It is an open secret that K-Electric is about to be sold to a Chinese sponsor. The utility’s head offices are swarming with Chinese personnel, who are busy going through its books and evaluating its finances. Before the new sponsors take over, though, there is a small hurdle: a new multiyear tariff needs to be determined.

Towards this end, the company has placed a petition before Nepra detailing the requirements of the new MYT, which it asks should run for 10 years. The tariff petition identifies “working capital constraints due to circular debt” as one of seven challenges the company faces going forward and proposes the following remedy.

“KE incurs additional costs in holding working capital to cover late payments by government entities and TDC [Tariff Differential Claims] by the Government, due to circular debt,” says the KE in the petition. “This is an uncontrollable and unavoidable cost. Therefore, KE requests that a working capital allowance should be included as a pass through component in the tariff on the basis of a mechanism to be determined by Nepra.”

Translation: if we don’t receive payments from any government entity, we should be allowed to simply recover that money from consumers through their bills. Notice the language does not differentiate between local, provincial or federal government. It simply says “government entities”, so we can ask: might the outstanding amounts owed to KE by the Karachi Water and Sewerage Board, for example, potentially be considered a pass through item for all other paying consumers of KE?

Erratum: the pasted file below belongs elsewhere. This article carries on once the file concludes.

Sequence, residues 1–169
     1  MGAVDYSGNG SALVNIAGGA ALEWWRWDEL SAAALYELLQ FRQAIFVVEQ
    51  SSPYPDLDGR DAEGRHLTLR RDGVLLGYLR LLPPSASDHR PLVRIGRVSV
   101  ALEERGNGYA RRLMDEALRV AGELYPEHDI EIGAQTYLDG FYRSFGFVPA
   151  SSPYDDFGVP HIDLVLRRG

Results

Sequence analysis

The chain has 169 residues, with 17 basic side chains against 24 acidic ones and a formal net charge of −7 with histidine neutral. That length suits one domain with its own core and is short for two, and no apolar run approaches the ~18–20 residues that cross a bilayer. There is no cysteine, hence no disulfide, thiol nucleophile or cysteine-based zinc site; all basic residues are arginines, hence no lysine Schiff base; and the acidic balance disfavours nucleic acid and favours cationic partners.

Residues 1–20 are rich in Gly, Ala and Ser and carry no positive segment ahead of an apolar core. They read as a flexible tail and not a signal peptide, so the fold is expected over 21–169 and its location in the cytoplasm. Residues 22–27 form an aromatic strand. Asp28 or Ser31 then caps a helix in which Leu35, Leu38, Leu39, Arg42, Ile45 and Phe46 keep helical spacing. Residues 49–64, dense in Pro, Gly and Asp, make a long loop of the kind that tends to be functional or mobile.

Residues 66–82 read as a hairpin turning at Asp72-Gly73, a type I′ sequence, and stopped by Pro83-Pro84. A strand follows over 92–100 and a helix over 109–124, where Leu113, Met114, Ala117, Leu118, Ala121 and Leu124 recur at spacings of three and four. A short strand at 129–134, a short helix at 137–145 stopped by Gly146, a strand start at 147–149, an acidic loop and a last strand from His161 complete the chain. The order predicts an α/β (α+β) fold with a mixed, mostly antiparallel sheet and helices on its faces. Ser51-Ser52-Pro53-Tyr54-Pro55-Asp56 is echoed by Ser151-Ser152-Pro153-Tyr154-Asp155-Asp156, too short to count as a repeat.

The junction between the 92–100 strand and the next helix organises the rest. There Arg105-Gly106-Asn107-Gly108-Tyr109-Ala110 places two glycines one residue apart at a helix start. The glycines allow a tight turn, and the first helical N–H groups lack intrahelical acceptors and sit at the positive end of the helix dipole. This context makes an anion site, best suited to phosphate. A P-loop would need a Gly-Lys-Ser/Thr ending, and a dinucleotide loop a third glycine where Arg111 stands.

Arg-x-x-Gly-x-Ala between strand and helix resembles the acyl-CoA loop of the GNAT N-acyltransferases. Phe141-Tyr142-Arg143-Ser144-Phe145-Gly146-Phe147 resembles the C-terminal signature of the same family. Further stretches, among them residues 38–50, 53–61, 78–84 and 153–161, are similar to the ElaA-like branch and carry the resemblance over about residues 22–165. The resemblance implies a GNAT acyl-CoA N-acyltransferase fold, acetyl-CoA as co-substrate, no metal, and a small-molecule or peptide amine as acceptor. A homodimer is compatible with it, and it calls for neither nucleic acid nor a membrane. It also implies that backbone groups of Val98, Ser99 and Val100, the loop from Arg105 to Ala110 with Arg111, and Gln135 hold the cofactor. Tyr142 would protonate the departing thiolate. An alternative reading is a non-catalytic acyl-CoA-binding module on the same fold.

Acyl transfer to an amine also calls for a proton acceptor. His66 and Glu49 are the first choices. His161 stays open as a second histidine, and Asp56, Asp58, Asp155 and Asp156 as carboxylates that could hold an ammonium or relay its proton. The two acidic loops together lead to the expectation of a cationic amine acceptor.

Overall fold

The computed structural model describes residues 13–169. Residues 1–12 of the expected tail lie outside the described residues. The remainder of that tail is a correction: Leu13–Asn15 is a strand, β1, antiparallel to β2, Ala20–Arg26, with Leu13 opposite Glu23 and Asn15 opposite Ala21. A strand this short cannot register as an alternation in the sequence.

One cannot blame the Chinese investors for demanding such protections. Unlike domestic investors, they don’t see themselves as acquiring stakes in a highly uncertain racket. They are coming in for a simple purpose: to generate electricity, sell it for a profit. It’s fair that they want nothing to do with the problem of delayed payments, with or without penal interest charges. But is it fair that the cost of this risk ought to be pushed onto consumers?

Policy confusions:

By: TOUQIR HUSSAIN

 

A country’s foreign policy is linked by varying degrees to the political system, social structure, power balances and interests of the ruling elite. So if there is something wrong with the foreign policy, it is often because something is wrong with the domestic policy. And nowhere is this as true as perhaps in Pakistan.

In its early years, Pakistan faced serious challenges of external security and internal unity. To their credit, the army and civil bureaucracy helped Pakistan not only survive but also build a good platform for progress. But the counterpoint was the emergence of a centralised authoritarian state that soon became a useful model to serve the class and institutional interests of the army and dominant social groups who came to decide what was best for Pakistan. They had a stake in the country, but largely as a creation for their own benefit.

From that organising idea emerged a foreign policy that was consistent with the domestic order. No genuine foreign policy debate was encouraged for fear that it might contradict the official paradigm that served the status quo.


No genuine foreign policy debate was encouraged for fear that it might contradict the official paradigm.


In time, the army emerged as predominant amongst the ruling elite; long years of direct military rule helped it define Pakistan’s identity, ideology and interests in a way that entrenched the army’s primacy in national life. This organising principle was made all the more enduring by creating a compatible socio-cultural and intellectual landscape.

The country’s foreign policy was so designed as to focus on issues dependent on the army’s role. And Pakistan’s legitimate security interests were exaggerated to provide a rationale for this. Worried neither by the budget nor accountability, the army embarked on strategic ambitions in the region, leading to an imbalance between foreign policy and the domestic priorities of security, development, and political stability. Civilian rule or military — the system remained the same. The people’s interests suffered, but they were fed illusions and emotions. Even democracy became an illusion.